I’ve never forgotten how her hands shook nervously as she opened gifts her first Christmas with us. I’ve always wondered what caused it. Was she afraid she would be disappointed with her gifts? Was she so overwhelmed that there were gifts just for her that she couldn’t contain her excitement? Did she feel undeserving? Did she feel the gifts would require a response she didn’t know how to give? Were all the lights and sounds and decorations and foods and pretty wrappings just too much stimuli for her system? She was eight years old and probably didn’t understand why herself. I don’t think she ever regretted the experience. I just know the holiday somehow overloaded her nervous system and her body had a hard time handling it all.

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Just last week I had a conversation with another one of my (now adult) children about how the holidays always cause depression to the extent that he prefers to stay hidden away. This is not uncommon at all. Most SAFE families experience major behavioral issues during the holidays. I don’t know if it’s because somehow the family festivities remind them that they can’t experience this goodness with their birth families; if the holidays still feel a bit foreign and they just can’t find a way to feel at home with them—even though they long to; if they feel they don’t know how to celebrate as their new culture dictates; or if it shines too stark a light on lifestyle differences between them and their parents. For some reason, holidays are simply tough.

So if holidays are difficult at your house, welcome aboard. It’s normal. In fact, knowing this might help you anticipate difficulties and take steps to minimize the struggles. This may mean major changes are needed for your family. The following are some ideas that you might actually find fun to try.

• Keep things as simple as possible.

o Decorate lightly.
o *Buy only a few gifts.
o *Attend one (or no) holiday event.
o Celebrate each holiday only at home.
o Keep meals simple and include mostly foods your kids are comfortable with while introducing one or two holiday foods.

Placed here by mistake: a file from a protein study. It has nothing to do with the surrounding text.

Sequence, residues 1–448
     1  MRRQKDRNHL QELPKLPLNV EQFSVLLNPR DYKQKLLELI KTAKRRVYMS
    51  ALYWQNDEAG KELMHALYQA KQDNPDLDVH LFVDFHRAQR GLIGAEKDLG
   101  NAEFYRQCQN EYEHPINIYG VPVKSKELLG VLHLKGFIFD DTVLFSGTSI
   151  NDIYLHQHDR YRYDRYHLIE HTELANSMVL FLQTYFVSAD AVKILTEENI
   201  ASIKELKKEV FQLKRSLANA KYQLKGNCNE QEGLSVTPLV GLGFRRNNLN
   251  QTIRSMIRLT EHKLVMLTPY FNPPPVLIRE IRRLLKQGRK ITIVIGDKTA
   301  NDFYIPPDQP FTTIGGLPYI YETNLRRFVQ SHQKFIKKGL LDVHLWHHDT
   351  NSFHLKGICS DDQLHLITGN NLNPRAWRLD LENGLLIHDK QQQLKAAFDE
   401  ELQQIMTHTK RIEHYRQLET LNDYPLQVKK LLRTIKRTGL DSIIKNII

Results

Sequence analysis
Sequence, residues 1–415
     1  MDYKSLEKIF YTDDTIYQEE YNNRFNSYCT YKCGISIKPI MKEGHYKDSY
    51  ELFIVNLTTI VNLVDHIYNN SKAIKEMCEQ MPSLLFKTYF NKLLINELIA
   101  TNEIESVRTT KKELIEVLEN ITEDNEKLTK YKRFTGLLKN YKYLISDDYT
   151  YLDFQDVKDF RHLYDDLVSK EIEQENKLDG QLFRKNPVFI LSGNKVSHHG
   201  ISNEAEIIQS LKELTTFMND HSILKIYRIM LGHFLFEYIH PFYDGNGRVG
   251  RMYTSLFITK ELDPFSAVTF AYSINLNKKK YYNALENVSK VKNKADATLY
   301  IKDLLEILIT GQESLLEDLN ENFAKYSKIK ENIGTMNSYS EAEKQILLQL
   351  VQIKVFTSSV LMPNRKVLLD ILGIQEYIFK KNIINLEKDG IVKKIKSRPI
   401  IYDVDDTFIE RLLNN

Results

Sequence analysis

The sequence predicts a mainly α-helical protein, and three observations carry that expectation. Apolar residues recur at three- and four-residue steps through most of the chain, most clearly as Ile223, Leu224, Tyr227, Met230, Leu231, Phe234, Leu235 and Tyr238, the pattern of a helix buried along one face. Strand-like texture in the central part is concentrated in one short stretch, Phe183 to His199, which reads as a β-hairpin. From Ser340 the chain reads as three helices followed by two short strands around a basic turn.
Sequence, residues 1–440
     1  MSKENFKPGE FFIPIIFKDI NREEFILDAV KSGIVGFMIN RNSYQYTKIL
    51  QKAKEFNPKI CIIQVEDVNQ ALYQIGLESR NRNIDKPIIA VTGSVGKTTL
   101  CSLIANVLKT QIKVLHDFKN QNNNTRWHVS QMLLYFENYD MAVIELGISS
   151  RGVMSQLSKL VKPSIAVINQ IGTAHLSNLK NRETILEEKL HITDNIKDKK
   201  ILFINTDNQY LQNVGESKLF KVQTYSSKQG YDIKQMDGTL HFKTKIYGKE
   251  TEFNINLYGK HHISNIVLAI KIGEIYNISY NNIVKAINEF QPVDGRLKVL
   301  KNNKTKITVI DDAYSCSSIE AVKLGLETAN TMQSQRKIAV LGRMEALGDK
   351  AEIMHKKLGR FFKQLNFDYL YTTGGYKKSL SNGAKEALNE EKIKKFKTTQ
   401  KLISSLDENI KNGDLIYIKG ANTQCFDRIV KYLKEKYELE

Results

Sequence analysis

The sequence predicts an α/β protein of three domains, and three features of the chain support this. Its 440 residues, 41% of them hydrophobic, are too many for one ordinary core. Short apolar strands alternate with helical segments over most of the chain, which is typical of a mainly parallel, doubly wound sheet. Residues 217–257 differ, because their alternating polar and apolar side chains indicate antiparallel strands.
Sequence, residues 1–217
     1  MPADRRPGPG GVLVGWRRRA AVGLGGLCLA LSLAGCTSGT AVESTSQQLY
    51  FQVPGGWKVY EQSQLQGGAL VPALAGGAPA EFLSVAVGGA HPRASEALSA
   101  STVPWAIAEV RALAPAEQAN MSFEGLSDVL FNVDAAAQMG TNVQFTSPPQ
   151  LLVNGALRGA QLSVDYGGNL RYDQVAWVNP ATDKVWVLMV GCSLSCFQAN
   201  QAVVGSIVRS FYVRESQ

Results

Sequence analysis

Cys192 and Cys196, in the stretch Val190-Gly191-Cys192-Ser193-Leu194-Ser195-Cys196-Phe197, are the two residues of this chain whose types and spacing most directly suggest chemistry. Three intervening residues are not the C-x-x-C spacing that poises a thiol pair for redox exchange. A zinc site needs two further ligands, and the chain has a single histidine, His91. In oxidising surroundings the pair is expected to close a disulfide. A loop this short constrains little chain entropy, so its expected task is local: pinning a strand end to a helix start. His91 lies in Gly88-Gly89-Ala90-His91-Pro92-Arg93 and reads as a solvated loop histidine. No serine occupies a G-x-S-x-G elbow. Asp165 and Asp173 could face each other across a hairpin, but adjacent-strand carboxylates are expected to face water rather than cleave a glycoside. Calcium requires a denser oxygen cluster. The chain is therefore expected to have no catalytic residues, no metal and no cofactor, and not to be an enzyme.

• Relocate holiday celebrations away from your home so your child can feel the needed stability in the sameness of their home environment.

o Celebrate only at an extended family member’s home.
o *Take decorations, gifts, foods, etc. to a nearby hotel for a fun overnight.
o *Celebrate the holiday at a recreational facility (indoor water park, amusement park, skiing, or vacation spot).
o Search your area for restaurants that are open that day and enjoy dinner there. Then return home and celebrate with familiar activities (movies, games, outside play, etc.)

• Start over from scratch and involve your kids in creating your own unique traditions. This gives them a sense of contribution and personal identity with the holidays.

o *Have them help bake cookies.
o Hand make decorations.
o Bring something from their original culture into the holiday.
o Share stories of memories from holidays with their families/countries of origin.

• Provide opportunities for them to focus on others and keep personal expectations to a minimum.

o Serve a meal at a local shelter.
o Deliver meals/gifts to needy families.
o Carol at assisted living centers or hospitals.
o *Work to earn money to buy gifts for family members.
o *Hand-make cards or gifts for family members.

We did very few of these things—only those marked with an *. Most of the above are just ideas off the top of my head to help get you started with your own ideas.

In our experience, we had more difficulties when the kids were older—when all were in their mid to late teens. I remember six tough Christmases in a row. In fact, the seventh Christmas, our kids were finally all adults, so Bob and I didn’t celebrate with them that year. We did things for them, and had short visits with some of them, but for the most part we avoided the anxieties that had become too routine. Now, I can happily say, we love celebrating with them again.

I know we parents get so excited to share our warm traditions with our children. But sometimes our children just can’t grasp the heart of it all. So, keep your traditions in a special place in your heart, while creating new ones for the family you’re becoming.

What if you …

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What would your word be for this upcoming Thanksgiving?

For those of you who’ve created manageable ways to enjoy holidays with your SAFE children, I’m sure other parents would love to glean from your insights and ideas. Would you mind sharing with us here?

As I write to you each week, I mostly try to keep the focus on practical spirituality rather than a how-to focus; but for some reason this week I felt led to share this with you. So is there a biblical principle to reinforce this idea? I think there is. How about Jesus’ words to Martha?

“Martha, Martha,” the Lord answered, “you are worried and upset about many things, but few things are needed—or indeed only one.”

John 10:41-42 (NIV)